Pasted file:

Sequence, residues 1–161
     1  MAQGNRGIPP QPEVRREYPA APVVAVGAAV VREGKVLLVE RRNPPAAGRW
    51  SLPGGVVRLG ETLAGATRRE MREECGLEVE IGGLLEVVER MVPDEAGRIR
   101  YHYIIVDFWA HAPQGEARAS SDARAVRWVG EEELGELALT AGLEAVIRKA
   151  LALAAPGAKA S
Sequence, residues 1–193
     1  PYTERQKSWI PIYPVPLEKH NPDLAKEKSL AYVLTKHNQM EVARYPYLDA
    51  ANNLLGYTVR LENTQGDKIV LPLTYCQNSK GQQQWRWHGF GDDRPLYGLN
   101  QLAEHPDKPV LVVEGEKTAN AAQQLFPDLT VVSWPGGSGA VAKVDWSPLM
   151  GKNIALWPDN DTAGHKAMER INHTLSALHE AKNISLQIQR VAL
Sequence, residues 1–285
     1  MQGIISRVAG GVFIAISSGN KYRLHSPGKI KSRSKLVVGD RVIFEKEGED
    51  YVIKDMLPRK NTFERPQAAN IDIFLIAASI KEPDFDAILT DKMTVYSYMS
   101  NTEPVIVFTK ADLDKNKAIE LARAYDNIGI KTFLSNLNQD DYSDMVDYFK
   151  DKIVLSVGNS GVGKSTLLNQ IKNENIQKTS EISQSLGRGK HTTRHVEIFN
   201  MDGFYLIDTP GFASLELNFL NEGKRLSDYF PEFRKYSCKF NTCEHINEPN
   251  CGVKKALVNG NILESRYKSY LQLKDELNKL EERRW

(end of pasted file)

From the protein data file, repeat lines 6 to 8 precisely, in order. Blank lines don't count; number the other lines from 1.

Sequence, residues 1–193
     1  PYTERQKSWI PIYPVPLEKH NPDLAKEKSL AYVLTKHNQM EVARYPYLDA
    51  ANNLLGYTVR LENTQGDKIV LPLTYCQNSK GQQQWRWHGF GDDRPLYGLN